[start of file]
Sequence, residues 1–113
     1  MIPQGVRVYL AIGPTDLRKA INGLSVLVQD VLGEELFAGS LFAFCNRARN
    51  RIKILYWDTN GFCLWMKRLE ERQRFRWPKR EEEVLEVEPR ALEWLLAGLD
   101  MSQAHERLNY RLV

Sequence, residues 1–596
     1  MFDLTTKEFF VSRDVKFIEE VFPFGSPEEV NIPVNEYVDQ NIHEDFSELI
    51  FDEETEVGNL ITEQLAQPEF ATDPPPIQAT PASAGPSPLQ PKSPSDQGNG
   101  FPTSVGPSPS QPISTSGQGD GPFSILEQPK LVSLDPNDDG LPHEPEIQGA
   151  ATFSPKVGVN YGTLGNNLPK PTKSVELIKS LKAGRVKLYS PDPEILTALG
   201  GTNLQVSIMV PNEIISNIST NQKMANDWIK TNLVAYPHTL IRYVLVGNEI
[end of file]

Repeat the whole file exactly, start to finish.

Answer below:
Sequence, residues 1–113
     1  MIPQGVRVYL AIGPTDLRKA INGLSVLVQD VLGEELFAGS LFAFCNRARN
    51  RIKILYWDTN GFCLWMKRLE ERQRFRWPKR EEEVLEVEPR ALEWLLAGLD
   101  MSQAHERLNY RLV

Sequence, residues 1–596
     1  MFDLTTKEFF VSRDVKFIEE VFPFGSPEEV NIPVNEYVDQ NIHEDFSELI
    51  FDEETEVGNL ITEQLAQPEF ATDPPPIQAT PASAGPSPLQ PKSPSDQGNG
   101  FPTSVGPSPS QPISTSGQGD GPFSILEQPK LVSLDPNDDG LPHEPEIQGA
   151  ATFSPKVGVN YGTLGNNLPK PTKSVELIKS LKAGRVKLYS PDPEILTALG
   201  GTNLQVSIMV PNEIISNIST NQKMANDWIK TNLVAYPHTL IRYVLVGNEI